Lying to people proven easier than lying to computers

Though the world's best poker players might claim they can call a bluff ten out of ten times, research suggested experienced investigators only get it right 65 percent of the time. So researches at the University at Buffalo, the State University of New York went ahead and wrote some software that supposedly identifies lies 82.5 percent of the time.

Most interesting thing about the software, though, was the study conducted to test it.

Forty participants were asked for a cause they strongly supported. Then, they were given the opportunity to "steal" a check written out to whatever organization opposed the one they'd chosen.

After the opportunity, they were questioned, using the software. First, they were asked simple questions to create a baseline of sorts of their eye movement, which the software analyzes.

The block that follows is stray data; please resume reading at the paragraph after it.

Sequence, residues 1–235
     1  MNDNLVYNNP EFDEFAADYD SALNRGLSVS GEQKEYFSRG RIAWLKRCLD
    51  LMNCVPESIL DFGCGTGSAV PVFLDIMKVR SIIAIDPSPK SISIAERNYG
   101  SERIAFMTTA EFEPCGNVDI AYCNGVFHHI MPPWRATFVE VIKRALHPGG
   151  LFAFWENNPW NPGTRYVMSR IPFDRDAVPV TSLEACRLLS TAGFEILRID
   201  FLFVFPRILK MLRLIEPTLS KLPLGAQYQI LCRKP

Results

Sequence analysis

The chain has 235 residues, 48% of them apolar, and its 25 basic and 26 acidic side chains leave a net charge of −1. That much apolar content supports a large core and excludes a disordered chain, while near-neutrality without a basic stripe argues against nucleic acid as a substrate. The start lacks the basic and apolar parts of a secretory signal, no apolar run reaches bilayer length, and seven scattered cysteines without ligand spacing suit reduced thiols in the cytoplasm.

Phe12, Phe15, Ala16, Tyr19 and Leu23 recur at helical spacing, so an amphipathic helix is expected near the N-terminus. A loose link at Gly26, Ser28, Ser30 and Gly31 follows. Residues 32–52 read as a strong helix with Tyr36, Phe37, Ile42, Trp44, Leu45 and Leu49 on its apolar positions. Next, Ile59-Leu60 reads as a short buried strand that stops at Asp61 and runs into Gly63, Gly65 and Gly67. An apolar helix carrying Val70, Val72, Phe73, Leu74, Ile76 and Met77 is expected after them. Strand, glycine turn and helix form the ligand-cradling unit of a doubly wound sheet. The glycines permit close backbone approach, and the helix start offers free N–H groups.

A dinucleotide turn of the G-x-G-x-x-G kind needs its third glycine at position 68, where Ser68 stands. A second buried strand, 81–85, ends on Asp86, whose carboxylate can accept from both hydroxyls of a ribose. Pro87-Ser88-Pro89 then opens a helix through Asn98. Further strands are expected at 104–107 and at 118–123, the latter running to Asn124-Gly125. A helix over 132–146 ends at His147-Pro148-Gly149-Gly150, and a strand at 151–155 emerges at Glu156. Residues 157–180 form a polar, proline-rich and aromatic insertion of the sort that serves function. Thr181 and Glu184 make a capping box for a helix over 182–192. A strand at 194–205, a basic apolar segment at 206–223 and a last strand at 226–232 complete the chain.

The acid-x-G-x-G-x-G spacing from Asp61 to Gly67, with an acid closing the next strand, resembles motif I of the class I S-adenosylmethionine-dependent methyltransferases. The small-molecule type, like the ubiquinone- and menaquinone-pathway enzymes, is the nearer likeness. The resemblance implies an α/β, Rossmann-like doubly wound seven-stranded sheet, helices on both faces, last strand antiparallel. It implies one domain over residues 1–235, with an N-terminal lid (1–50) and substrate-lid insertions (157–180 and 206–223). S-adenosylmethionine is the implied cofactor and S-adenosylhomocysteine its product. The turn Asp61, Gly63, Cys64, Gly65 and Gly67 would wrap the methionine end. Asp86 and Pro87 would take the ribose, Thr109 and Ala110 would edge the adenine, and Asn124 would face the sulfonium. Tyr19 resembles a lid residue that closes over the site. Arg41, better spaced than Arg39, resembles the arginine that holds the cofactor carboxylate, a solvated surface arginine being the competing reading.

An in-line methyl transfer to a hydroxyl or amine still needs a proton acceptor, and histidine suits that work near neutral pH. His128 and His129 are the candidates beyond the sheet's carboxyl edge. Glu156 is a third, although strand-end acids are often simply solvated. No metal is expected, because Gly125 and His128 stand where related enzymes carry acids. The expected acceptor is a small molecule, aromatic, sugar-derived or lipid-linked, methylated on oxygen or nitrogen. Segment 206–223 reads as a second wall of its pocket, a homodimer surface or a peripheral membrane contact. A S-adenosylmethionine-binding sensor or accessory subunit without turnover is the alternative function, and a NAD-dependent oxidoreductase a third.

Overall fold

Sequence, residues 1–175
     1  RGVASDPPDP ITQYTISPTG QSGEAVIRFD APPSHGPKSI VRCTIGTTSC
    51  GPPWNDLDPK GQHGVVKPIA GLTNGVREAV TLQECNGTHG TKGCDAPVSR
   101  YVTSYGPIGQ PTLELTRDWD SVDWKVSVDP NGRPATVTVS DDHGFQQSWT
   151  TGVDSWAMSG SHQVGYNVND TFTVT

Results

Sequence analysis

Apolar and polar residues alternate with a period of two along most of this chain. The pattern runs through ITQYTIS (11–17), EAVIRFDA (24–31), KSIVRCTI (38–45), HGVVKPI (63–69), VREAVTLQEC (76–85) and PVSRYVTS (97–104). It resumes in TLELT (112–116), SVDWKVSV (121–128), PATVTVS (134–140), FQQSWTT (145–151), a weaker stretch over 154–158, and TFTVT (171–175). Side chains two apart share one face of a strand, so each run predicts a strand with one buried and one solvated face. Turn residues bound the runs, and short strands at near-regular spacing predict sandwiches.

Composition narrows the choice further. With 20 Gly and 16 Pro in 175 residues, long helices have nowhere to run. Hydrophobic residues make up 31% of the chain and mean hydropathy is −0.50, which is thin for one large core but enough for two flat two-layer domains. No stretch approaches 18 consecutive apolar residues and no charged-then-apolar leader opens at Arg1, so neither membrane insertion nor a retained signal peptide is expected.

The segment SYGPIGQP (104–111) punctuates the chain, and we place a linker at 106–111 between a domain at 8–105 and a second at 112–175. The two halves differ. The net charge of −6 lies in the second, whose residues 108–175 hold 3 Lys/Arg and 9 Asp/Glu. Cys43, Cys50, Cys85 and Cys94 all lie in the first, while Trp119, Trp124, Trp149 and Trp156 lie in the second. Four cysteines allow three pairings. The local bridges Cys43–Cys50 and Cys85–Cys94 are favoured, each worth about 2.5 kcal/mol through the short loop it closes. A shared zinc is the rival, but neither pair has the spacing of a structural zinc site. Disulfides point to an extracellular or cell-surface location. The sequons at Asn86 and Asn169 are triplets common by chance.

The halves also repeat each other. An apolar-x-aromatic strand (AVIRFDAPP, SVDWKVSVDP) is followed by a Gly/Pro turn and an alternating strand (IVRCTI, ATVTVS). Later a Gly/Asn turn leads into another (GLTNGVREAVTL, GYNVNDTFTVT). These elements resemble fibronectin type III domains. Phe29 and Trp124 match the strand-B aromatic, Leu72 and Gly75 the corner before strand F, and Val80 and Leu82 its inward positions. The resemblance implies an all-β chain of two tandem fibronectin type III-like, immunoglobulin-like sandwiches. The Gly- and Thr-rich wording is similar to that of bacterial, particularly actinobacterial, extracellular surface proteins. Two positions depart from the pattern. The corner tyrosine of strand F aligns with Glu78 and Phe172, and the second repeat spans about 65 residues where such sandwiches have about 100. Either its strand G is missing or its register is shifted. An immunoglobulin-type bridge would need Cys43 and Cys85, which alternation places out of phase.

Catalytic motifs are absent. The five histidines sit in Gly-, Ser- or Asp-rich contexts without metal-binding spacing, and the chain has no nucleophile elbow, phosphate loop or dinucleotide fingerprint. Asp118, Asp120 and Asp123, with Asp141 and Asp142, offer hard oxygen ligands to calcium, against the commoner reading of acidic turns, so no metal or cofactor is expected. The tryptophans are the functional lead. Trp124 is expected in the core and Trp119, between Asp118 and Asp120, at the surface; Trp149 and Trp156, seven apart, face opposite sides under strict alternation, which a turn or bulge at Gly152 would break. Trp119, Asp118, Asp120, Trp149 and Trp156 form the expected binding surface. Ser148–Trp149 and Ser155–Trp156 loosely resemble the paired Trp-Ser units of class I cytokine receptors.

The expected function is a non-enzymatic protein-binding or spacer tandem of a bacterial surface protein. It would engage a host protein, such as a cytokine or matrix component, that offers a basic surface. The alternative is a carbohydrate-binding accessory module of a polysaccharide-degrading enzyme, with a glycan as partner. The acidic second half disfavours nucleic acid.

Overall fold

Then, the violin-inducing climax were this a dramatic courtroom drama: they were asked if they had stolen the check.

Those who lied and got away with it received money as a reward for lying well, and the organization they had chosen also received money. Those who were caught had nearly an opposite experience: their money was given to the organization they opposed.

Interestingly moral quandary-inducing studies aside, the software has been criticized for having such a small sample size in its testing and also for not registering whole body language when seeking out liars. Though, the researchers claim they will attempt to include this in future programs as well as create faster algorithms to allow the program to work in real time.

Curious how this would work with the "ultimate lie blocker."

Via Scientific American

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